by Nibedita Saha
The Maha Shivratri fair in Mandi district of Himachal Pradesh is well-known amongst travelers and devotees. The seven-day fair begins on the day of Maha Shivratri and continues for seven consecutive days.
The celebration goes in two parts; one at the fair, which becomes a joyous escape for the locals to enjoy, and the second one is the gathering of local deities from Mandi district, alongside many other activities including songs and dance.
Devotees from the remotest villages of Mandi district travel on foot for four-five days (depending on the distance of their respective towns/villages), carrying their local deities on their shoulders in decorated palanquins, which are the most colorful and yet visually calming. Jumping in joy and happiness, devotees take out the royal procession of deities, which is led by the principal deity, Lord Madho Rai (believed to be an incarnation of Lord Vishnu). The procession starts from the Madhav Rai temple and ends at the Paddal Ground.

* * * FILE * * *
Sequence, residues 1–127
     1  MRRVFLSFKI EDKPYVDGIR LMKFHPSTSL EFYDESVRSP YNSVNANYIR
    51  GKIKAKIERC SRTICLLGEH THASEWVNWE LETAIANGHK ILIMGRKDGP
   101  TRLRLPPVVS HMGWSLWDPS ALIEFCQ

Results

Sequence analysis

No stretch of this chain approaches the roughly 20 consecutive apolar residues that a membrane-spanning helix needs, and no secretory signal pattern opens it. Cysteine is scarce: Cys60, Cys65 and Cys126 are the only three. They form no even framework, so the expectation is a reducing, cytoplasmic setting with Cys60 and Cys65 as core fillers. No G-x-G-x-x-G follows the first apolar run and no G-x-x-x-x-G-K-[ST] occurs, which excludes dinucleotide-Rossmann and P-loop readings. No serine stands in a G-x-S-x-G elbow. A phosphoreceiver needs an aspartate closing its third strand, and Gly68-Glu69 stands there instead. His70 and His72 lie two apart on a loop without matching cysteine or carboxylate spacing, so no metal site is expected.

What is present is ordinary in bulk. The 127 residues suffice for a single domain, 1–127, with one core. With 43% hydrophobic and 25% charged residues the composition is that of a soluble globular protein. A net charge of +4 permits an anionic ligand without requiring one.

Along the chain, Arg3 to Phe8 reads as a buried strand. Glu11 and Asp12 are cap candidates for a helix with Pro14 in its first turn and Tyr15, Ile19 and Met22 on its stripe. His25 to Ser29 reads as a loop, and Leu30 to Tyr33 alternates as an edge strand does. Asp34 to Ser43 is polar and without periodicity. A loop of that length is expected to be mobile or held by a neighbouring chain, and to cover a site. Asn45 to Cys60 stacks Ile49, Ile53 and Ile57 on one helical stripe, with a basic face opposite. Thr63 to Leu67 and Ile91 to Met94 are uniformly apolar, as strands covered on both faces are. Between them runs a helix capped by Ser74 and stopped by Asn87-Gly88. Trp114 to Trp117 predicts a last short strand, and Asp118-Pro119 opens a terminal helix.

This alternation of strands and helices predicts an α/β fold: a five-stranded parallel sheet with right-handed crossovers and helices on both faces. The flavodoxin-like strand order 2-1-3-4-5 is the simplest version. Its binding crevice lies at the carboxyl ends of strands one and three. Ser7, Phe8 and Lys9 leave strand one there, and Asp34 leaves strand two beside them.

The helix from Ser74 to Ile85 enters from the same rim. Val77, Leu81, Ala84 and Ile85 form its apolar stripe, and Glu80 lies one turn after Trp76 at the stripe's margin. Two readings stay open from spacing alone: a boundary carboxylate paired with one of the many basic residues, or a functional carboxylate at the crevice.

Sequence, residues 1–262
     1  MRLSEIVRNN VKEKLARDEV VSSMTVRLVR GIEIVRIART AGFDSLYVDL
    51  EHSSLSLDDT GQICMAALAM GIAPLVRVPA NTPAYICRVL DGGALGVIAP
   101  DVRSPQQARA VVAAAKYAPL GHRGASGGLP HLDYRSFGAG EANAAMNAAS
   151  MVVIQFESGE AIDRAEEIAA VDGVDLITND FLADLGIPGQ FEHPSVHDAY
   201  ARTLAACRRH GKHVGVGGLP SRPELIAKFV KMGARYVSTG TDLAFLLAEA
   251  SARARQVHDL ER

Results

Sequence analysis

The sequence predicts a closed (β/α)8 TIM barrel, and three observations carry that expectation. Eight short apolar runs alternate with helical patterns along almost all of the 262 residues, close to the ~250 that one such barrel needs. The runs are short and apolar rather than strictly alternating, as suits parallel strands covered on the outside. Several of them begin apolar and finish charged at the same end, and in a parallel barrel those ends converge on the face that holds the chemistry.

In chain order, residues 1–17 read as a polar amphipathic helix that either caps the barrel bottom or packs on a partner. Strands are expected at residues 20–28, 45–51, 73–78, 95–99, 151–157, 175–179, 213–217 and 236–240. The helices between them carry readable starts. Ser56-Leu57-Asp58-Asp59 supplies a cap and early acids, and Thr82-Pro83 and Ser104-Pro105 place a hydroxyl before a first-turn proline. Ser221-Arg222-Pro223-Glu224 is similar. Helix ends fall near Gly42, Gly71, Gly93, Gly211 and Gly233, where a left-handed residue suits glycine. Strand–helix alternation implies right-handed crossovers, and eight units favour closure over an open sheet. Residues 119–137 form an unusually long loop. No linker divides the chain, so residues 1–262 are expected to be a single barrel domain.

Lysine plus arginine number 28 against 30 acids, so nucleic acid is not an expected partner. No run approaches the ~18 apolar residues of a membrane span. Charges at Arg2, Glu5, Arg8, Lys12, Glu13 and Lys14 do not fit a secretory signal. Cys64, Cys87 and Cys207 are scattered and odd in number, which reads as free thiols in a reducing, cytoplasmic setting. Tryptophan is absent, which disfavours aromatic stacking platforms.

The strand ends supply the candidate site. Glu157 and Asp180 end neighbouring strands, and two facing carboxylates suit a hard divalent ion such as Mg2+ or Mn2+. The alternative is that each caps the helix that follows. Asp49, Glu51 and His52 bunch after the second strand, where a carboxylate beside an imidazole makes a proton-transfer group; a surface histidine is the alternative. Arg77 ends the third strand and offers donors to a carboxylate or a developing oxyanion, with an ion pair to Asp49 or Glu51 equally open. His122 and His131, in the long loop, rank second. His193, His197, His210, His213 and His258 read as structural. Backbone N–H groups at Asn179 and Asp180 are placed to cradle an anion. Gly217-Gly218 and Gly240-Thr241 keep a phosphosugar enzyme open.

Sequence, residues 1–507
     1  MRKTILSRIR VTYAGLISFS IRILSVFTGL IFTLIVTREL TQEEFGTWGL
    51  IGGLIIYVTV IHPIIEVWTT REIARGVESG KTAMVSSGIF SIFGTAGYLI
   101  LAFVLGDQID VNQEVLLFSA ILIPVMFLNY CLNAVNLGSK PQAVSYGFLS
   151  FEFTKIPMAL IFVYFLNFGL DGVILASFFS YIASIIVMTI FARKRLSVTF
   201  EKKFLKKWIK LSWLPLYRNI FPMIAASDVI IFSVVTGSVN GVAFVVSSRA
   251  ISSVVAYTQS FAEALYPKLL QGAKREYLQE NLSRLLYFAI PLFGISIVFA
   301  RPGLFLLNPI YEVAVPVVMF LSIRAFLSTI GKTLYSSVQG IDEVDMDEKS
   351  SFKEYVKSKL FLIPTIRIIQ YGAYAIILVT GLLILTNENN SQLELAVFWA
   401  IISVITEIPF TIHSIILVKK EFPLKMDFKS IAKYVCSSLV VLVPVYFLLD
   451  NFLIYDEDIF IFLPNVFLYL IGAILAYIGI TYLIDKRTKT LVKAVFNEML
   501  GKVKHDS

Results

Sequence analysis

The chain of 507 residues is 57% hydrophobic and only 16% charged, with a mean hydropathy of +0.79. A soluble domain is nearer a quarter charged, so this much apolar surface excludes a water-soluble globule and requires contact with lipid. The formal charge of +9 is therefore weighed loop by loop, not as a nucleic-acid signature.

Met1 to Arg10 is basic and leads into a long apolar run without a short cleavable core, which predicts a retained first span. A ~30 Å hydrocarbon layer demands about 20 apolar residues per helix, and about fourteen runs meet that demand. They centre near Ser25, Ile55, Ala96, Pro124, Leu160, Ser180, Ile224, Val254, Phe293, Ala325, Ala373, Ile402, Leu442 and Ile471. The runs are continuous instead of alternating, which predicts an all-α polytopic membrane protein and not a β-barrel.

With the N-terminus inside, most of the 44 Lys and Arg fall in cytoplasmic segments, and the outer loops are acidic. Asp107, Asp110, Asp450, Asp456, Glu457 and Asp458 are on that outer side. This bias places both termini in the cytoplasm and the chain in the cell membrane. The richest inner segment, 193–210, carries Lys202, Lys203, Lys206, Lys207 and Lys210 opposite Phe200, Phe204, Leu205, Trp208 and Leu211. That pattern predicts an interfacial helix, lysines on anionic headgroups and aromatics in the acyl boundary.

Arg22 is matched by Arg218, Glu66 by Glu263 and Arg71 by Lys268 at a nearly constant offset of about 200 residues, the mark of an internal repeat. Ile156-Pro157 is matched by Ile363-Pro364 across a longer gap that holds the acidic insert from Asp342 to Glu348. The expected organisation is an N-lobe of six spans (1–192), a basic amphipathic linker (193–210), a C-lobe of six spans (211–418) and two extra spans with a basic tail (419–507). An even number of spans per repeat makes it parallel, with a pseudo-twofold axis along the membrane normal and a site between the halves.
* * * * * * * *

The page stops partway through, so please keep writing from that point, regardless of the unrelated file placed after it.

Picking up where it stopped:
Mandi, which is also known as ‘Choti Kashi’, since the town has a temple located at every corner and lane, celebrates Maha Shivratri with a great sense of jubilation. The history of gaiety dates back to 1526, when Raja Ajbar Sen (1499-1534) founded the town and to celebrate the funding, Raja first invited all the local deities (Devi/Devtas) to Maha Shivratri. However, with time the festival has adapted to numerous changes, especially the abolition of the princely state in 1947, which merged Mandi into the Indian Union and the 1950s land reforms.
During Raja’s time, a small group of privileged deities was only invited for the royal procession, which is also called ‘Jaleb’ in the local language. After the merger, the Government of India replaced the king as the host, and since 1951 Lord Madho Rai started taking part in all the processions. Among other changes to the Maha Shivratri festival was the ban on ritualistic goat sacrifices.
Interestingly, one of the major changes was the fall of the traditional hierarchy of deities as the fair became open to all local devatas rather than to the small, privileged group. During the 1960s, the Raja and many reputable (the top class in the hierarchy system) stopped participating in the royal processions, despite the Raja being reinstated for all festive functions.
Witnessing Maha Shivratri in Mandi can be a mystical and metaphysical experience for one. With all the local instruments in action and people singing folk songs dedicated to the god and goddesses will be enough for your spiritual awakening.